Sitemap: http://yourwebsite.com/sitemap.xml

... or ...

Sitemap: http://yourwebsite.com/sitemap_index.xml

If you donít have a robots.txt, this is simply a bog-standard text file that you can create in Windows Notepad (or equivalent), add the above line (though with your web address in place), and uploading it to your web spaceís root directly, so that it is accessible via http://yourwebsite.com/robots.txt and let the search engines do the rest.

If youíre a little bit impatient though, you can tell some search engines that your sitemap now exists by ďpingingĒ it to them via your web browser. The following web addresses should do this for you, but youíll need to replace the bold text URL with your own web site address and sitemap location (for example: http://yourwebsite.com/sitemap.xml):

Ask:
http://submissions.ask.com/ping?sitemap=URL
Google:
http://www.google.com/webmasters/tools/ping?sitemap=URL
Yahoo:
http://search.yahooapis.com/SiteExplorerService/V1/ping?sitemap=URL
Bing: (formally Live Search)
http://www.bing.com/webmaster/ping.aspx?sitemap=URL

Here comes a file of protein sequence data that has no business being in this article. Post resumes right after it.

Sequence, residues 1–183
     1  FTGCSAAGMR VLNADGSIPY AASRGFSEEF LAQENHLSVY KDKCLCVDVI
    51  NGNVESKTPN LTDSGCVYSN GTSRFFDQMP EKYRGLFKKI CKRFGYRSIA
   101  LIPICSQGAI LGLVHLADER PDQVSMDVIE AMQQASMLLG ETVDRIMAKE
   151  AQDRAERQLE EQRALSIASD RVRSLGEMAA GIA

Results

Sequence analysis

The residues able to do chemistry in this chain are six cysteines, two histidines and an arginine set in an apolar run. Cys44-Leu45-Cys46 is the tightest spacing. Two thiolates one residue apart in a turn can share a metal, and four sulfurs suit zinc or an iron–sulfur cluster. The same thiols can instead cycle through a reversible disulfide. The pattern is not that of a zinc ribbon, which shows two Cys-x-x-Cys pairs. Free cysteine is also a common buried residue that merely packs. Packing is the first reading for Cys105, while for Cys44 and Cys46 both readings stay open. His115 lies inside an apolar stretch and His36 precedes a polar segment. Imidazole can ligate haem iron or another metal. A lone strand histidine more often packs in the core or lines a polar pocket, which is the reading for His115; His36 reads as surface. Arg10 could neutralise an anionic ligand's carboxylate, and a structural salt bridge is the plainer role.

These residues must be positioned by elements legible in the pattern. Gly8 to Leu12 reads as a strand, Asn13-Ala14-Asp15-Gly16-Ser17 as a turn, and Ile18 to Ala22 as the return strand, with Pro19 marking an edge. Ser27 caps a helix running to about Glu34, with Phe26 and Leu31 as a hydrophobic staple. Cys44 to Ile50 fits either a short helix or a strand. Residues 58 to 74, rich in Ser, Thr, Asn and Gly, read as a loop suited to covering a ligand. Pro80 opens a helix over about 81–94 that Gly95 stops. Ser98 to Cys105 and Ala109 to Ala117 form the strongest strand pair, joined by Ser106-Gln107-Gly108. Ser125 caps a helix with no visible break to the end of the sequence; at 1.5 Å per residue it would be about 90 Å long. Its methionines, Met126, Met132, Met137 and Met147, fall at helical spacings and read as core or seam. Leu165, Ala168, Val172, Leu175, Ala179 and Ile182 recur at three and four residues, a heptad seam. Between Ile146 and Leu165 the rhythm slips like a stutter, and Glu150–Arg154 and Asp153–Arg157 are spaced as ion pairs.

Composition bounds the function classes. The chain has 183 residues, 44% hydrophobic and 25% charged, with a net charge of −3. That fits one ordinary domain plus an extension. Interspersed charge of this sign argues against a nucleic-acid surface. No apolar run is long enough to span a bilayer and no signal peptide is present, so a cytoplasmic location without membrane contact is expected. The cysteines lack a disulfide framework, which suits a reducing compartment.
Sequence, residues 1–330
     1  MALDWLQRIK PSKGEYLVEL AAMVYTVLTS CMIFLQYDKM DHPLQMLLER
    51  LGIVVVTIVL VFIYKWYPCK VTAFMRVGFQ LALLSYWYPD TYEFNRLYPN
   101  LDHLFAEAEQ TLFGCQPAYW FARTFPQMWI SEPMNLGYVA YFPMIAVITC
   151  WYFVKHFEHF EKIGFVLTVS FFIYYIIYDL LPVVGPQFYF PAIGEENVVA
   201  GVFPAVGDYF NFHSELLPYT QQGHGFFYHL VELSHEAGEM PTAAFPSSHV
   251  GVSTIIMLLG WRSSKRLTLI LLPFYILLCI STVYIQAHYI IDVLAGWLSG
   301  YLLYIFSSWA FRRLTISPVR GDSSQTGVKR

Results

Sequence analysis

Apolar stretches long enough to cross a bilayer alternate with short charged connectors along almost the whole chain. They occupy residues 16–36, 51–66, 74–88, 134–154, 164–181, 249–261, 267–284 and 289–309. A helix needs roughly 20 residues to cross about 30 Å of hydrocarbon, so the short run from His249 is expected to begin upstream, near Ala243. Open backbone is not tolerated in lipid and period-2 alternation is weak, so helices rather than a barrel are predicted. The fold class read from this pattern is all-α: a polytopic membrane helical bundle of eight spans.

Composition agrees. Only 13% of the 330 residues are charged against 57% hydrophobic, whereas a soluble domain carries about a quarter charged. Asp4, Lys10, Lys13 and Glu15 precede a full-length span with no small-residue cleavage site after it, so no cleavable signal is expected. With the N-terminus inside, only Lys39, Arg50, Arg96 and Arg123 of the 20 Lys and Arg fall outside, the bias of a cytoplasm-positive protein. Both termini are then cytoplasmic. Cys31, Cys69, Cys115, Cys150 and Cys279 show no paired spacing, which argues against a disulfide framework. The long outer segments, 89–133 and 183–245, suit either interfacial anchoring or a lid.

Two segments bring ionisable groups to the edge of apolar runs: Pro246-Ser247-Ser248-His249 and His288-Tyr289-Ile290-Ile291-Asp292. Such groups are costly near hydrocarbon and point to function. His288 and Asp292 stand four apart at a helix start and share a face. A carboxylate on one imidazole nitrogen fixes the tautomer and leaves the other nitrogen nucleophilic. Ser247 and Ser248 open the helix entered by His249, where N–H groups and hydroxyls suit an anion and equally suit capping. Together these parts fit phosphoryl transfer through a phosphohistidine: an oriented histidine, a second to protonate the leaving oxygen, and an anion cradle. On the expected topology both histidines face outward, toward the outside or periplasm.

You can also submit your sitemap to Google, Yahoo or Bing via their Webmaster Tools, Site Explorer and Bing Webmaster Center facilities, if you have an account with any of them. Simply login and add them.

To sum it all up!

If you go down the route of creating a sitemap file following the sitemap protocol, you should do your best to make sure the information about each web address listed within it is as specific and as accurate as possible, otherwise youíre losing the real benefits the protocol provides you with, which is talking to the search engine crawlers that wonder around the world wide web.

= = = = = = = = = = = = = = = = = = = = = = = = = = = = = = = = = = = = =

As always, any comments, questions, and especially corrections are welcome.
Sun 18/09/11 at 11:00:
DL
Regular
"Feather edged ..."
Posts: 8,274
Hmmm... wrote:
Hi DL,
"All sorted" ?
I read the 'post before mine' and the poster seems to be asking for help???

*having a confusing start to the day* ;¨)


Hi Hmmm, think I am now ha ha :¨D
The user 'appears' to have said 'thank you' for the advice regarding the deletion of the two folders he'd created and for the sitemap files to be placed directly within HTDOCS. Got me thinking now ... not very clear I'd admit :¨)
Sun 18/09/11 at 09:13:
Moderator
"Are you sure?"
Posts: 4,862
Dragonlance wrote:
... All sorted now :¨)
...
See post before yours....



Hi DL,
"All sorted" ?
I read the 'post before mine' and the poster seems to be asking for help???

*having a confusing start to the day* ;¨)
Hmmm...
Sat 17/09/11 at 19:16:
DL
Regular
"Feather edged ..."
Posts: 8,274
Hmmm... wrote:
I'm not a WP user - but always happy to try and help...

Hi Hmmm,

This is the salient bit:

"I am using XML sitemap generator 3.2.5 and have created 2 new folders in HT docs to accept the generated code (sitemaps.xml and sitemaps.xml.gz). Can anyone help in response please?"